21 st september

Yikes, two weeks to write and a rather epic two weeks.
I have to confess that the two weeks of constant performances of corrie slightly took it out of me. I loved being part of the show, and being reliable for the cast. I was backstage, pushing and shoving the endless trucks about. I loved finding emotion even in the opening of a door – a quick or slow door makes all the difference. I didn’t love the play and that wore me down each night. It was not so much a play but more a collection of famous scenes. Some of those scenes were brilliant and iconic, but each night I kept thinking of ways to have linked them as a satisfying whole. The audience enjoyed the show, but the audience was slim most nights. still I enjoyed being surrounded by a cast who really inhabit some of the roles. Heck, who am I kidding, I just love being backstage. The most natural place for me to be.
I did squeeze in a few talks during all this. One was to a group of ladies, fierce and fiery and friendly, called Tangent. I was only allowed 35 minutes which is tough for me. But I had fun watching the politics and dynamics of the group. Each lovely mature lady having a role to play and making sure they used that power. The other group was for the university of the Third age and this was a tour round the Garrick. As I had suspected they loved seeing all the wigs from corrie.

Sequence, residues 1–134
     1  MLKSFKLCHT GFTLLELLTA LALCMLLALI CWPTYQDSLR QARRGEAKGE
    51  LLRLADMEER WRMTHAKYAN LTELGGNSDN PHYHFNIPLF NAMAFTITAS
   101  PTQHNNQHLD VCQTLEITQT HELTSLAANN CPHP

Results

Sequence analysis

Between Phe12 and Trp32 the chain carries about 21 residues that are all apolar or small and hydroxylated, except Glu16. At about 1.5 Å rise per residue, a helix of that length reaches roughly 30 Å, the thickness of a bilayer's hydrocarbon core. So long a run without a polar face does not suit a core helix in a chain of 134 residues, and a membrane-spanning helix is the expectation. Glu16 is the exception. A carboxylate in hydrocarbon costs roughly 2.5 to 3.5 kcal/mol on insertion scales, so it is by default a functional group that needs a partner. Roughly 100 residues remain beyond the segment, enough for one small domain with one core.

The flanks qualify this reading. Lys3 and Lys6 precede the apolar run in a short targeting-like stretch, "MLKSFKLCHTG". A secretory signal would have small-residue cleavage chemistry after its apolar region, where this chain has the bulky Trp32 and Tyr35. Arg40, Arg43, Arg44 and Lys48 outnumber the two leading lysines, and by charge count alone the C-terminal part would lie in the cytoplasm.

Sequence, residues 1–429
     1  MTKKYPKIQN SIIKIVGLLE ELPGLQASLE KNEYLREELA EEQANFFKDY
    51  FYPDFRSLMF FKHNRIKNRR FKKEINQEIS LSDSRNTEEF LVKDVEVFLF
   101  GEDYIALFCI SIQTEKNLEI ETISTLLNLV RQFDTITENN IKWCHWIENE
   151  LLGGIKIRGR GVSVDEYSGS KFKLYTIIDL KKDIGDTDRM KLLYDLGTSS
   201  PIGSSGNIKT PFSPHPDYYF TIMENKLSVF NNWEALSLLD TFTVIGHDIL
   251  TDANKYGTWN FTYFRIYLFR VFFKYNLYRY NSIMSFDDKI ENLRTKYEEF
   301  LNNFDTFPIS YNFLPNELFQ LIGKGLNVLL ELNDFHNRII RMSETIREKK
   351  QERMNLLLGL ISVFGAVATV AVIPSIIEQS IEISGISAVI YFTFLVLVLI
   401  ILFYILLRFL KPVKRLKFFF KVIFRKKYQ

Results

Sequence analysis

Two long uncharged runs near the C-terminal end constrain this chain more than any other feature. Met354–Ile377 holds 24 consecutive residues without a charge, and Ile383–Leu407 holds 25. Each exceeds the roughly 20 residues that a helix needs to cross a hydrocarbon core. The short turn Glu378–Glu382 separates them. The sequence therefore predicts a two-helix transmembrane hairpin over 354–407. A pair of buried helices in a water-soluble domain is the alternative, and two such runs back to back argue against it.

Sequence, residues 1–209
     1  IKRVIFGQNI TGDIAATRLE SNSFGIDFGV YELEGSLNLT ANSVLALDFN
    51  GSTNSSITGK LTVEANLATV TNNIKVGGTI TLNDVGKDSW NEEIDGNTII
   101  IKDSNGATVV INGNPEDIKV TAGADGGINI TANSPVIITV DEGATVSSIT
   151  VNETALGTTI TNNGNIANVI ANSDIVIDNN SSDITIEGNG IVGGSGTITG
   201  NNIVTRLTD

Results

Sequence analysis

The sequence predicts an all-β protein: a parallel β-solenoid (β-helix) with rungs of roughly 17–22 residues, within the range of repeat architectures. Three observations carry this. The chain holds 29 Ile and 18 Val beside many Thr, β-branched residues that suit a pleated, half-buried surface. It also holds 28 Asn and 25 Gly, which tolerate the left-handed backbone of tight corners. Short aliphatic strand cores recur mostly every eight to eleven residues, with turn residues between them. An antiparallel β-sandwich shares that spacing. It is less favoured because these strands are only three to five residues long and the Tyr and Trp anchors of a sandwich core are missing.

But then, unexpectedly, there was a very quick trip down to Cornwall and the Falmouth College. Such a gorgeous location and the weather was kind, sunny but bumpy on the plane. And I felt fired up, and I think I gave a darn fine talk, finding a good shape, throwing out pearls of sort of wisdom, and bits of emotional insight. We got to almost three hours and everyone was up for more. The only film of ours I showed was Tchaikovsky and again that had a great effect. the audience response to the whole talk was thrilling. And that night I sat on the harbour wall with, of course, a Cornish pasty.